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Breezy Explainer: Why was the Rittenhouse gun charge dropped?

Breezy Explainer: Why was the Rittenhouse gun charge dropped?

The judges dropped the Rittenhouse gun charge. And, prosecutors in the murder may no longer have the best chance of convicting the man from Illinois. Here’s everything you need to know about the murder trial.

All about Rittenhouse gun charge

All about Rittenhouse gun charge

Kyle Rittenhouse shot three men with a Smith and Wesson, AR-15 style rifle last year, killing two men during the chaotic police brutality protest in Kenosha. The jury underwent deliberation before stating Rittenhouse as not guilty for five felony charges, including a count for murder. After all, a murder charge can lead to a lifetime in a prison sentence. However, the jury did not get to consider the charge for possessing a gun. Rittenhouse, aged 17 at the time of the charge, was armed during the shootings with a semi-automatic AR-style rifle, strapped on his chest.

However, Rittenhouse left the court with a misdemeanor. The charge is punishable with a maximum of nine months of the prison house. However, the sentence was probably offered to Rittenhouse with a lesser conviction if it was persuaded by self-defense claims. However, it was agreed that the decision to carry a gun on the streets of Kenosha during the protests was a very bad idea.

Here’s what happened at the trial

On Monday, Judge Bruce Schroeder allowed the defense motion and this led to the tossing of the Rittenhouse gun charge. Mark Richards and Corey Chiarafisi, the Rittenhouse attorneys pointed out an exception in the law. According to this loophole, minors possessing rifles and shotguns is fine as long as it has long barrels. “Any person under 18 years of age who possesses or goes armed with a dangerous weapon is guilty of a Class A misdemeanor. This section applies only to a person under 18 years of age who possesses or is armed with a rifle or a shotgun if the person is in violation,” states the law.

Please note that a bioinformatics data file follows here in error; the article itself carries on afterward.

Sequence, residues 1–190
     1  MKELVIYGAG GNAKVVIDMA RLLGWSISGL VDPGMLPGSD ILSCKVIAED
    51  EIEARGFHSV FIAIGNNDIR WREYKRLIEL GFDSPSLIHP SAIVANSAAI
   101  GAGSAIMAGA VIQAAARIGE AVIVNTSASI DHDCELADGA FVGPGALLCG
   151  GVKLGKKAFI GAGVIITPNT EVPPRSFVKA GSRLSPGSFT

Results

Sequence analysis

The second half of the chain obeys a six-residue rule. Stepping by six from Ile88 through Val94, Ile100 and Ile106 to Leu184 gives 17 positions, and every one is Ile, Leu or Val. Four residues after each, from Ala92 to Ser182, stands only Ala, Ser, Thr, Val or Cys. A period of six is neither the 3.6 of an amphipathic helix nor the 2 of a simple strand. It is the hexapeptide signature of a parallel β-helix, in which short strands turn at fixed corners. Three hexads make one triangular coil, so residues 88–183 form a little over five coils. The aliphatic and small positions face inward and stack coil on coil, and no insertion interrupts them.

However, James Kraus, the Assistant District Attorney argued that the exception renders the state’s prohibitions on guns for minors useless. But, the judge went with dismissing the charges when it was acknowledged that the rifle’s barrel was longer than inches. Additionally, the dismissal of the Rittenhouse gun charge was supported by Michael Cicchini, a Kenosha-based defense attorney. “There doesn’t seem to be much ambiguity here. It should have been dismissed earlier,” stated Cicchini.

Gun laws and minors

Gun laws and minors

The history and evolution of laws on minors and guns are very tricky. Before 1987, children were banned from possessing pistols in Wisconsin. It was later extended to all firearms after four years by Gov. Tommy Thompson, a republican and the then governor. However, the very law stated that minors could possess long guns for hunting if the barrels were at least one foot long. However, the legislation has seen a lot of changes since then and the wording is not straightforward. Judge Schroeder admitted that he was confused when the attorneys requested for dropping the gun charge.

Milwaukee attorney and former Waukesha County’s prosecutor Tom Grieve speculates that the exception was in place to allow minors to hunt. However, the lawmakers might not have imagined that it could be used to protect children carrying long guns at protests. “I think it was designed with an eye toward hunting and enabling law enforcement to add additional charges against minors hunting without a license. Wisconsin is a hunting state. When people talk about long arms, they’re thinking in the hunting context,” he added.

“There are a number of things we don’t allow young people under 18 to do. There are reasons for that. Judgment isn’t as perfect at age 16 as it is much later. We’ve seen what that means in Kenosha, with the tragic outcome,” said Jeri Bonavia, the executive director of the Wisconsin Anti-Violence Effort. Bonavia’s group works towards reducing gun violence. “National Rifle Association was making a national push to get guns in children’s hands. Especially in the late 1990s and early 2000s, in hopes of creating lifetime gun owners. The caveat may have been part of that push, But, it appears that minors can possess long guns as long as they’re not sawed-off,” she explained.